Take the 2-minute tour ×
Stack Overflow is a question and answer site for professional and enthusiast programmers. It's 100% free, no registration required.

What are some of the general reasons for Memory Leakage and Segmentation Fault kind of errors ?

share|improve this question
Which programming language? –  ChrisW Oct 22 '09 at 22:42

4 Answers 4

up vote 4 down vote accepted


  • use of dangling pointers: Not resetting pointers after deallocation
  • not checking a pointer before use
  • not initializing variables/members

Memory/resource leaks:

  • forgetting to release the resource (free memory, close file, ...)
  • in environments with garbage collector: creating a ring of referencing objects

How to detect/avoid:

  • dangling pointers: coding rule, strictly reset pointers after deallocation
  • use a static code checker for avoiding most segfaults
  • use a dynamic code analyser to verify the resource leaks are away
share|improve this answer

Memory Leaks: Generally this refers to a language like C where you manage the memory manually. In this case you would be allocating memory without freeing it up when you are done using it. The allocations keep piling up while the application is running and the memory can't be freed until the process finishes executing. Memory Leaks (Wikipedia)

Segmentation Faults: The most common reason for this type of error is trying to access a part of memory that either doesn't exist or is outside of the allowed memory of your running program (for example if you tried to access the memory the OS is loaded in). Usually this means you are trying to use a bad pointer, so for example:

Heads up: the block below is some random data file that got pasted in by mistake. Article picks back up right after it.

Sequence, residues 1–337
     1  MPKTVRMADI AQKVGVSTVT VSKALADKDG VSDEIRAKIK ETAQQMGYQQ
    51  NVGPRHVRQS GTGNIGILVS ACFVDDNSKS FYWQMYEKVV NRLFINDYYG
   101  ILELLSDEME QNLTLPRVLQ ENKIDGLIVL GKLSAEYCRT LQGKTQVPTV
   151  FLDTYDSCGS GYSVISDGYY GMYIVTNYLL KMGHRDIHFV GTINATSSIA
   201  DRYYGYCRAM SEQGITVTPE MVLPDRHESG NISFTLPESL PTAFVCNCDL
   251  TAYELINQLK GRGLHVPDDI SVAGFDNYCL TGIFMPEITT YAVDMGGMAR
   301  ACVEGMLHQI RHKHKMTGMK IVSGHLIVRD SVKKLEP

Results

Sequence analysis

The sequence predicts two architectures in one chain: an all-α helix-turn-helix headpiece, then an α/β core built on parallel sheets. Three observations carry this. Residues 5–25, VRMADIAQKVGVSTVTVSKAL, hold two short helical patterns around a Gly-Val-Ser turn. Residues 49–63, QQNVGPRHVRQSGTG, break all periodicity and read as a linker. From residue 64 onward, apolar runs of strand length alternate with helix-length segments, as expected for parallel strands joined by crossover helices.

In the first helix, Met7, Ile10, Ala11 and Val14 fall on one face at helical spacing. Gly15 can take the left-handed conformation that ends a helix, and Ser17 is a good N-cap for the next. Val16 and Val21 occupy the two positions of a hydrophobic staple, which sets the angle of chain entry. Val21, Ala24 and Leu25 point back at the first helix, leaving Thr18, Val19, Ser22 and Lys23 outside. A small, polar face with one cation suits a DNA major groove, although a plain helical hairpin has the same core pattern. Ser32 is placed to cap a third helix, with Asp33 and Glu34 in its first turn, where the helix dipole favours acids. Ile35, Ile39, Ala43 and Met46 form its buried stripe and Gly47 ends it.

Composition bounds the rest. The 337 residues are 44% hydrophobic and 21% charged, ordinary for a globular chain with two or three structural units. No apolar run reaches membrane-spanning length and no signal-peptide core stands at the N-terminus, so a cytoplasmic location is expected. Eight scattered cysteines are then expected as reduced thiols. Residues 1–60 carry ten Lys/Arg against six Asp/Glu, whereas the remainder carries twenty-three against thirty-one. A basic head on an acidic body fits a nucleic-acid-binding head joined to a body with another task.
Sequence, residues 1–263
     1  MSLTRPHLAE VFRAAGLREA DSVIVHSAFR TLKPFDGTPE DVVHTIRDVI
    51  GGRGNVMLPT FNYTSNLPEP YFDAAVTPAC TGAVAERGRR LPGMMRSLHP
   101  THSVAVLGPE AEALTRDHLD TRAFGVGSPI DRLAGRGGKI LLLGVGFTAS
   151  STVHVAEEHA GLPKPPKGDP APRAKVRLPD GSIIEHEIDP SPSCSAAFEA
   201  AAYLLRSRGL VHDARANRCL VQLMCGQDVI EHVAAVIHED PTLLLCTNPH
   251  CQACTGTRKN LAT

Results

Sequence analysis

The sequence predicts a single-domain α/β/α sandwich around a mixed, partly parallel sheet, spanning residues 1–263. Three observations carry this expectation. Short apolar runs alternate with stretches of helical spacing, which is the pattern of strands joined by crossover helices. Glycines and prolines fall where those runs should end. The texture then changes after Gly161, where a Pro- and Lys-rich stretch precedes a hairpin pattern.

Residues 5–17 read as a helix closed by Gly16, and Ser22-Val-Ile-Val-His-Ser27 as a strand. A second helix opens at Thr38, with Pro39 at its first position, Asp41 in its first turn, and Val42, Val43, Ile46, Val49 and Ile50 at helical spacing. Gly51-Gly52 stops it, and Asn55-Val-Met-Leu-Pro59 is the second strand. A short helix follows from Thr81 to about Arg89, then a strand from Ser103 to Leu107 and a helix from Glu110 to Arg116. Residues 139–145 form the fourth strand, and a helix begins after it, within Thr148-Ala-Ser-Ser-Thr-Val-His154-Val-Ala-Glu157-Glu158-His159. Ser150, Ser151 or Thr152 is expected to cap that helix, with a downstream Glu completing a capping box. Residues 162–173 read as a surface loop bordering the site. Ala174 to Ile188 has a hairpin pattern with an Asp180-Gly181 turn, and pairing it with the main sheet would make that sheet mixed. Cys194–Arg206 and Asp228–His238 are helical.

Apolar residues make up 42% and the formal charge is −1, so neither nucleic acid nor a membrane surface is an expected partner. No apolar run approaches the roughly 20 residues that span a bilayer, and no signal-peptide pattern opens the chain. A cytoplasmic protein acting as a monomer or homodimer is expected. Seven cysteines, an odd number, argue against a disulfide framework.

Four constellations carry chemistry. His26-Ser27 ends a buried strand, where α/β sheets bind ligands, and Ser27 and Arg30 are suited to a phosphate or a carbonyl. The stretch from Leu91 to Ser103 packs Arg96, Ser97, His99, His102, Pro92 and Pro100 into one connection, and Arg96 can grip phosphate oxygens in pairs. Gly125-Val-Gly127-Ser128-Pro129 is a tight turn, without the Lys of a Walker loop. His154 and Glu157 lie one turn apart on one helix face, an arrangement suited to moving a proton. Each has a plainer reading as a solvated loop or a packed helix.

int* ptr;
*ptr = 5;

would cause a segfault because ptr is a null pointer (or garbage) and you have not allocated memory for the pointer to point to. Segmentation Fault (Wikipedia)

share|improve this answer

Lots, including:

  • allocation of a chunk of memory and then using more than was allocated,
  • allocating memory and not freeing it,
  • not initialising data pointers correctly,
  • not initialising funciton pointers correctly,
  • calling functions with incorrect numbers or values of parameters,
  • attempting to read or write through NULL pointers,
  • linking incorrectly to libraries or to incorrect libraries.

Not all of these apply to all languages, but these are some useful things to start thinking about.

share|improve this answer

See Effective C++ series in Addison Wesley, very good for exactly the issue at hand. Note that in pointer use one has to delete individually all of the elements then del the pointer - requires skill and is often incorrectly, leading to hidden errors that do not show up easily. The other posters have the answers, I am only adding an additional detail.

share|improve this answer

Your Answer


By posting your answer, you agree to the privacy policy and terms of service.

Not the answer you're looking for? Browse other questions tagged or ask your own question.